In a special meeting Monday morning, the City Council questioned the eight nominees for the vacant citywide seat ahead of their final vote Tuesday. Seeing that the new council’s bestie, failed candidate Tanya Woo, clearly leads the pack, it seemed as if everyone else tried their best to pledge allegiance to Council President Sara Nelson’s conservative majority and to the business-backed Mayor Bruce Harrell.

The culture of obedience in the meeting hinted that “One Seattle” is not a place for dissent or criticism or even dialogue, and with a council full of centrists and conservatives, that means “One Seattle” is not a place for the left, or even just your standard-issue incrementalist. 

In a meeting earlier this month, Council Member Rob Saka said he wanted to appoint someone who does not see him as “the enemy.” During Monday’s meeting, the nominees seemed to take his words very seriously. Linh Thai, a former staffer for Rep. Adam Smith, pledged never to talk bad about any member of the council in the media. In another example of pick-me behavior, Woo kept saying she supported things at “100” on a scale of one to 10 after Council Member Joy Hollingsworth joked about candidates breaking the scale with their answers but not up to 100. Woo also snuck in a “One Seattle” nod at the end of her introduction. The nominees may as well have compared hand sizes with Council Member Dan Strauss and told him how tiny he makes them feel. 

More substantively, in a lightning round of questions, the nominees fell in line with the Mayor. All eight nominees said they support Harrell’s plan to beef up the Seattle Police Department’s roster to 1,400 cops. To achieve that staffing level, the department would need to net 450 new officers amid a national shortage. It is an incredibly unrealistic goal to say the least, one that ensures we will continue to make no progress in standing up robust alternatives, a practical and popular solution that other cities and states initiated years ago. 

The nominees also said they support the Mayor’s approach to encampment sweeps. Harrell ramped up sweeps when he took office, conducting a whopping 943 sweeps in his first year. That’s more than 2.5 sweeps every day, as Real Change reported.

Unhoused people and their allies argue that sweeps do little more than push people from corner to corner because outreach workers rarely offer long-term housing during routine removals. These disruptions destabilize already vulnerable people and may contribute to the deaths of homeless people in King County, 415 of whom died last year. 

While Woo called sweeps “distressing,” she also said they were "necessary." Wouldn’t wanna stand up to good ole Bruce!

Later in the meeting, Nelson asked if the nominees would have voted yes on her 2023 ordinance to create a new law against public drug use and give Seattle’s Republican City Attorney the authority to prosecute it. The controversial bill failed in June after former Council Member Andrew Lewis cast the decisive vote against it. Lewis lost favor with the conservative business types in Seattle after that vote despite later passing a very similar ordinance after a short stakeholdering process. He now cites that vote as the reason he lost his election last November.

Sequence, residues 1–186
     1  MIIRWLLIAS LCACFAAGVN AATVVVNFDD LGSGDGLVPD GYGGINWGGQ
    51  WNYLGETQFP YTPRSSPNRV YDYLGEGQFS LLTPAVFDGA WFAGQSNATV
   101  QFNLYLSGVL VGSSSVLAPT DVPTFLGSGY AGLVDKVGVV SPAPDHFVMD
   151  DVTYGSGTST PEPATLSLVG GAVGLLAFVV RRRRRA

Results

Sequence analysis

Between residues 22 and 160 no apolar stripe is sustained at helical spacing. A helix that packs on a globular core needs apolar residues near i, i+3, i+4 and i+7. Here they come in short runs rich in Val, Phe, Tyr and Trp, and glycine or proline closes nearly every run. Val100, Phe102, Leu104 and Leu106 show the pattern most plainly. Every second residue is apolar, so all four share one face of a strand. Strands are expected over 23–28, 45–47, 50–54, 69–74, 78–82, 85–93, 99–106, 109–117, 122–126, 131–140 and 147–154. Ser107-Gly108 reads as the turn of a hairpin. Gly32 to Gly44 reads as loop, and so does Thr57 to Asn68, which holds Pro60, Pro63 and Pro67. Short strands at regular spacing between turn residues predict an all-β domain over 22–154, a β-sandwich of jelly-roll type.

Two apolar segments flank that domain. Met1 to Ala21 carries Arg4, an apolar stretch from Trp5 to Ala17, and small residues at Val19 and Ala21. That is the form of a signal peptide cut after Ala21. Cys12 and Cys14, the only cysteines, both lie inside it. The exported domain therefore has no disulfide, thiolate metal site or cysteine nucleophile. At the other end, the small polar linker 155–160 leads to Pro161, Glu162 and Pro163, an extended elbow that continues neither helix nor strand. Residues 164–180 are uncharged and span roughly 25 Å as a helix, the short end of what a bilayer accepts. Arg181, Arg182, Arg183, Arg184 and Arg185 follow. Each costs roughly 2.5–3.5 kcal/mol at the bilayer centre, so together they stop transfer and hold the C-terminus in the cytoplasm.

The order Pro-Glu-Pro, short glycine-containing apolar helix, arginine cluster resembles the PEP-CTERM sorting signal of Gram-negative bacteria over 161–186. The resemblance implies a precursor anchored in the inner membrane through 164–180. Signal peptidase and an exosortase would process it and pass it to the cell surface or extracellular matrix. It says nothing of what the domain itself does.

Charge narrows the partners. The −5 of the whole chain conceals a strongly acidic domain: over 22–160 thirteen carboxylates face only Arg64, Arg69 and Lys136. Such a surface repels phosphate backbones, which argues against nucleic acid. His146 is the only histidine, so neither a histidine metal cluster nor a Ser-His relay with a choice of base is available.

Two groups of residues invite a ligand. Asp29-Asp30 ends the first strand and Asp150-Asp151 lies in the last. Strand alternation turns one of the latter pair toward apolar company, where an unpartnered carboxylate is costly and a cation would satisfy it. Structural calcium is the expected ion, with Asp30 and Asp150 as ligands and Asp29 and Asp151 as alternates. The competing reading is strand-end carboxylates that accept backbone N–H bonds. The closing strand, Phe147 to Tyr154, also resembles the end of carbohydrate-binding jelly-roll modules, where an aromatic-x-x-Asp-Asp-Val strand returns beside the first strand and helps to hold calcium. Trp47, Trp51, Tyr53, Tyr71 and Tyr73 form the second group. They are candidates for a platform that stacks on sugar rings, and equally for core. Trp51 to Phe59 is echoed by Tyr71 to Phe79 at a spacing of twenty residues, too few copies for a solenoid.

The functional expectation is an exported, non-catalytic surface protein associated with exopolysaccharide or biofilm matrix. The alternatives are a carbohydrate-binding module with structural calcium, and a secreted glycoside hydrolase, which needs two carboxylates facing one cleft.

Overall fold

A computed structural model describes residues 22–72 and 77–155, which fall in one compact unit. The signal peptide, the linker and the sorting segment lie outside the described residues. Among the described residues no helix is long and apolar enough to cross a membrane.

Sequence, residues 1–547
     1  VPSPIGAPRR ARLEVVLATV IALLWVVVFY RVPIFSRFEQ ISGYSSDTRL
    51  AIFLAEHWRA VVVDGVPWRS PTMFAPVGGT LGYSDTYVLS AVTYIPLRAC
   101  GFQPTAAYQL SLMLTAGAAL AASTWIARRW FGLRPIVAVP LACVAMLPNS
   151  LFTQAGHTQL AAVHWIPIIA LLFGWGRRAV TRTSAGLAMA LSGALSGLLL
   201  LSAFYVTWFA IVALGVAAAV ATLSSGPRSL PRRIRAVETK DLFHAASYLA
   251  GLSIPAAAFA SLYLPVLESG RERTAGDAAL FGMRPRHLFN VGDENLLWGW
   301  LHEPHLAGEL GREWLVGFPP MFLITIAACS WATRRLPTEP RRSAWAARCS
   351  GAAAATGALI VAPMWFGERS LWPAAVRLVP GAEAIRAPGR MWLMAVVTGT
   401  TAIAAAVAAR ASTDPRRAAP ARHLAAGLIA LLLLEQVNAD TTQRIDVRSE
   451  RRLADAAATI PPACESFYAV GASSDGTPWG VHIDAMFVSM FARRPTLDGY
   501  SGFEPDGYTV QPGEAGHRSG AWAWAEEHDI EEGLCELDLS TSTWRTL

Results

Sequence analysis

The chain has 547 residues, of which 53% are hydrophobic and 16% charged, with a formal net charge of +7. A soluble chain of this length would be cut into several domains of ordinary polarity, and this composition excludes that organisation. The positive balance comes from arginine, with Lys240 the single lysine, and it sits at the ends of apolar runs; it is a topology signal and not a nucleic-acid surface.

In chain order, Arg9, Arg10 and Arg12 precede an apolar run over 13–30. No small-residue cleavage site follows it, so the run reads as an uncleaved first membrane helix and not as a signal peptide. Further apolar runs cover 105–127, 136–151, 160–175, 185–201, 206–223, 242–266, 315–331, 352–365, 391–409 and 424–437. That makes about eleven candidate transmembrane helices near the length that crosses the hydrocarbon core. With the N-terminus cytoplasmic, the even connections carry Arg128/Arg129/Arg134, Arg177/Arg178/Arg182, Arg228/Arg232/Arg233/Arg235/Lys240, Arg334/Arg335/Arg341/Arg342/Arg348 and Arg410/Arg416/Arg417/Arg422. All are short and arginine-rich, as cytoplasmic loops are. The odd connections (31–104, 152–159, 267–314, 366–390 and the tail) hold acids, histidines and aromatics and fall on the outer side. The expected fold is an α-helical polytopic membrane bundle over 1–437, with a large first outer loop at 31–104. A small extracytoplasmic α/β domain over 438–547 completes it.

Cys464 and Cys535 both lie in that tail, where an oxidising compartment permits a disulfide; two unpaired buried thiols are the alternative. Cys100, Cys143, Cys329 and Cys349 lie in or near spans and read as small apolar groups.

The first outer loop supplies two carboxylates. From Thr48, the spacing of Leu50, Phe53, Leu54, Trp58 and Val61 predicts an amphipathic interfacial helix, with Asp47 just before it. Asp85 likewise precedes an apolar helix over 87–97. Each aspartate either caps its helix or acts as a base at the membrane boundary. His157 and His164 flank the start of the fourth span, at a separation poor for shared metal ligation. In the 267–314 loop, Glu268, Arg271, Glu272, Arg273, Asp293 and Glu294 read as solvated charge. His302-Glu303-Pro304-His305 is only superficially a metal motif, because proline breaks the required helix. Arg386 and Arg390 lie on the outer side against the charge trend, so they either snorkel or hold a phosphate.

In asking about an already closed deal, Nelson was essentially asking the nominees to signal loyalty, and they obeyed. Every nominee said they would have voted to support the drug ordinance, an ordinance that progressives called a reboot of the “War on Drugs,” an ordinance that the council member who the nominees seek to replace voted against even in its more palatable, second iteration. 

These answers felt especially shocking coming from the two favorites among progressives: School Board Director Vivian Song and the Seattle Human Service Department’s Mari Sugiyama. Like, seriously. Council Member Tammy Morales, the progressive minority, nominated someone who wants to hire 1,400 cops?

Nevertheless, Song and Sugiyama still seem like harm-reduction compared to frontrunner Woo, since they at least stand against the budget-cut-happy mindset of the new council. 

During the meeting, Woo stood out for her opposition to progressive revenue. When asked if an audit found that the City needed more money to fill the massive $250 million shortfall in 2025, Woo was the only candidate who said she wouldn’t support taxing the rich or wealthy corporations to cover the cost. 

Woo’s ardent commitment to austerity may actually put her at the furthest right end of the council. But her extremism doesn’t seem to threaten the culture of obedience in City Hall ,given that at least four council members initially said they wanted to nominate her. 

Insiders say that the newbies on the Seattle Times’s slate-–Council Members Maritza Rivera, Bob Kettle, Saka, Hollingsworth, Moore and failed candidate Woo—grew close on the campaign trail. The power of friendship would be hard for any of the other nominees to overcome—and the power of big business donors even more so. 

In an email he sent early last week, conservative PAC-wrangler Tim Ceis called on the business community to support Woo, arguing they earned the right to pick the appointee since they paid for the other members’ seats. Morales, the only reliable progressive on council, said the candidates deserve an apology for his meddling. In response, Nelson called on her colleagues and the nominees to “rise above” the “noise” of the media accurately reporting the political dynamics at play. Basically, she’s telling her One Seattle pals to ignore criticism when the council inevitably picks Woo like big business told them to.